Speaking ahead of chairing the Asian Emissions Technology Conference in Singapore in November, Don Gregory said “Our opinion, at the moment, from the information we have, is that we will be able to design a lubricant that spans 0.1-0.5% [sulphur fuels] for all types of engines.”
Mr Gregory said the biggest challenge for engines operating on 0.5% or less sulphur fuels are the potential for problems with the fuel itself and the way it reacts in the engine, potentially producing gum deposits and poorer fuel quality.
The Gulf Marine expert, who is also the director of the Exhaust Gas Cleaning Systems Association (EGCSA), said the likelihood was that the number of lubricants would decrease with the implementation of the 2020 sulphur limits prescribed by the MARPOL Convention.
“There will be an oil that is suitable for 0.1-0.5[% sulphur fuels]. Initially, as most of the ships will be burning fuels to meet compliance, that’s what they’ll use. And then, once ships fit scrubbers, I suspect that it’ll be a fairly high[-bn] number cylinder oil that will cover that. So, there will probably be fewer cylinder oils available in 2020 than there are today.”
Mr Gregory expects that residual fuel oil – which contains a higher sulphur content – will be produced in the highest volumes over the course of the next decade, followed closely by diesel. And he doesn’t expect much uptake for alternative fuels such as methanol, biofuels and liquid and condensed natural gas.
In the long term, he said, dual-fuel and hydrogen are both potentially viable fuel options.
Dual-fuel is unlikely to be widespread or to have much of an impact on shipowners’ business decisions around current and upcoming emissions standards, according to Mr Gregory, while hydrogen faces challenges including energy density and bunkering strategies.
As for the middle-term outlook on what technologies the industry may adopt to lower emissions, Mr Gregory said exhaust gas recirculation could well overtake selective catalytic reduction post-2020.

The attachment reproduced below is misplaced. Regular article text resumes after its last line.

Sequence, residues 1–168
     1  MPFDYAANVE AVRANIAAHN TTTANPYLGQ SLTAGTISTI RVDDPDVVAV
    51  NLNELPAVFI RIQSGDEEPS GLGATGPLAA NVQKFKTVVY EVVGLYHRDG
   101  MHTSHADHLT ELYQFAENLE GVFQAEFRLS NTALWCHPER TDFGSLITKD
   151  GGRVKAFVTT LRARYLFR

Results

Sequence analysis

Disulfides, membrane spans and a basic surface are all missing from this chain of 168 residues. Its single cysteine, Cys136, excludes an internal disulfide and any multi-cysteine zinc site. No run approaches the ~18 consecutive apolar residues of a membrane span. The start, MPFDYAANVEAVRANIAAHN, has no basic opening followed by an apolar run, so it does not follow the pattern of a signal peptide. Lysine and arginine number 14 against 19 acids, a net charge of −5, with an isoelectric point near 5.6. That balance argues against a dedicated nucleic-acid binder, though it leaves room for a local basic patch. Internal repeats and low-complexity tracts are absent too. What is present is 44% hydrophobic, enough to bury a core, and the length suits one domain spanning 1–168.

“It doesn’t require a process with urea, it has a much longer lifespan and doesn’t require the catalyst to be changed and doesn’t create ammonia slip,” he said.
Ultimately, during the Asian Emissions Technology Conference, Mr Gregory said he hopes to get two messages across to shipowners and operators. One is to plan for 2020, the other is not to delay in implementing those plans so that his company has the time it needs to develop necessary products.
“Despite the challenges in the marketplace today, it’s essential that you start planning for 2020, now. Start doing exercises such that whatever you’ve planned [can be] executed,” Mr Gregory said.
“We’re, as lubricant suppliers, making assumptions based on the data that’s available and from talking to customers. The feedback from customers is that they haven’t made up their minds yet. So, it makes it difficult to plan development of products when you don’t know what the horizon is going to look like come 2019.
“Don’t hold out, you need to get going, because otherwise it’s going to be a series of brinksmanship exercises, and that could stop people looking forward.”
The Asian Emissions Technology Conference is a one-day conference taking place in Singapore on 6 November 2017. Gulf Oil Marine are platinum sponsors of the event.